Backcountry skiing: Is it worth the risk and the grueling hike up?

If Backcountry Skiing Weren’t So Painful It Wouldn’t Be So Awesome

If Backcountry Skiing Weren’t So Painful It Wouldn’t Be So Awesome

Passions and the people who pursue them.
Feb. 16 2012 7:28 AM

Backcountry Skiing

Is the sublime ride down worth the grueling hike up?


Illustration by Robert Neubecker.

Having spent much of my life skiing I’d long heard rumors of a mythical land where the powder is plentiful and deep, lift lines are unknown, and nymphs dance among the trees. It is a place called the “backcountry,” the skiable mountains unreachable by any lift. Like any magical world, it’s not easy to arrive there, and the journey can be dangerous. But if you make it, the rewards are boundless, or so the legend goes.

How to get there? The easiest way is to charter a helicopter to drop you at the top of the mountain, but I didn’t want to spend that kind of money. You can pay between $5,000 and $15,000 for a week of heli-skiing, which makes even Vail and Aspen lift passes look like a good deal. But you don’t have to be rich to reach the backcountry. The oldest and simplest way to get there is to put on your skis and climb the mountain yourself.

My friends Tucker and Kelley are people who went to the mountains in their 20s and never returned to the plains. Residents of Steamboat Springs, Colo., a town that is remarkably hard to leave, they always break out bourbon the moment you enter their home, and know how to dig a friend out of an avalanche. Kelley told me they’d rented a hut deep in the Rockies, just below the timberline at 11,040 feet, miles up and away from any traversable road. It sounded like an adventure. I was in.


Starting out early one morning, we drove south, deep into the uninhabited Rockies, where the mountains are tall and craggy, and ruins more common than homes. We’d driven through a minor blizzard and when we finally reached the supposed start of the trail there was nothing but deep snow as far as the eye could see. Skiers love to see fresh powder, but here our job was to go up, not down.

The Hut.
The Hut.

Courtesy of the author.

God made mountains for reasons we may never understand, but man’s reasons for creating ski lifts soon became painfully clear. Strapping on skis and muscling heavy packs on our backs, we began what can only be described as a painful trudge up the mountain. That wonderful fresh snow quickly became a nuisance, forcing us to take turns breaking trail. Even on skis made for the job (Alpine touring, or Telemark skis), climbing up the mountain is just awkward. I kept waiting for it to feel natural. It didn’t happen.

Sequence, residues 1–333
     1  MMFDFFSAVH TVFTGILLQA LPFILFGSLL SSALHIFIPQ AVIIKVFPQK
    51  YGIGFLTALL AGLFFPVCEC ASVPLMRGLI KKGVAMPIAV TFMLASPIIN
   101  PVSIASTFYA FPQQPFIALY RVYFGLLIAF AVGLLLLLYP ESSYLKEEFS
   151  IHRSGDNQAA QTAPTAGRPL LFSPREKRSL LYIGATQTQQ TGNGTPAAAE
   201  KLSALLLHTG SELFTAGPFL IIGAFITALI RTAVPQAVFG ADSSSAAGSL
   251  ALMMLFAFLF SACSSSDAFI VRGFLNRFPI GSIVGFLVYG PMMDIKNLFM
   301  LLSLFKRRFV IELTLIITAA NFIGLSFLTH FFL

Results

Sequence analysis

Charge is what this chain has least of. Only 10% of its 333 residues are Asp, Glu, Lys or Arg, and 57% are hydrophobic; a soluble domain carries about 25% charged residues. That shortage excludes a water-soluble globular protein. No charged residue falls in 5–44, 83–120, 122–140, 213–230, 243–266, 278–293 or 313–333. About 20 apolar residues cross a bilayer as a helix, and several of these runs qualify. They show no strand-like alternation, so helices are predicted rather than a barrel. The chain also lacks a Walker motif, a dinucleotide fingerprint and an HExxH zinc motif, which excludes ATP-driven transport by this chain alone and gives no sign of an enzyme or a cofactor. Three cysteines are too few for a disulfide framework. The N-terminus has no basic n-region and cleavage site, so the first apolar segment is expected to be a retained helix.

On that trudge up the mountain I reflected on the fact that so much of hiking or mountain climbing is about feeling pain migrate to different parts of your body. For a while, my shoulders would scream, dissatisfied with the fit of my pack. Then, a duller, deeper pain in my right hip called out louder, only to be drowned out by the sensation of a blister, on the inside of my heel, rubbing rawer with every step. The heel held the floor for a long time, until joined by the shoulder for a kind of duet. Then I noticed a blister beginning on the left inside heel. And so it went, for hours and hours, the constant pain slowing time to a crawl. More than once I thought to myself, “The skiing better be good.”

After hours of slogging uphill, things began to flatten out, and Kelley said, foolishly, “We must be just about there.” Cursed words that haunted us for several more hours of misery. When we did finally find the hut, a wooden structure half buried in snow, it was less in a mood of triumphant arrival than with the air of an injured dog who has managed to limp his way home.

The human capacity to forget physical pain is an astonishing thing. Once we dug our way in, we found the hut a cheery place with a wood-burning stove that we lit to melt snow for drinking and cooking. The fire soon warmed the whole hut. Within an hour, whether brought on by warmth, bourbon, altitude, or the beginnings of a sunset, I found myself in a deep state of pleasure that our ancestors must have known well as that which accompanies the happy end to a day of grueling labor.

The only discordant note in this blissful scene came from the monster in the outhouse. In a remote mountain hut, it is a fact that the outhouse will be emptied less than regularly. In this case, something remarkable had happened: Years of accumulated human feces, landing and freezing upon impact, had coalesced into a tower of astonishing verticality. A shit stalagmite was lurking right beneath the toilet seat, threatening to poke its head out of the opening and sodomize the backcountry innocent. This we knew because previous guests had sketched their artistic impressions of the monument in the guest book. I told myself not to look down when using the bathroom, but knew at some point that I would be tempted.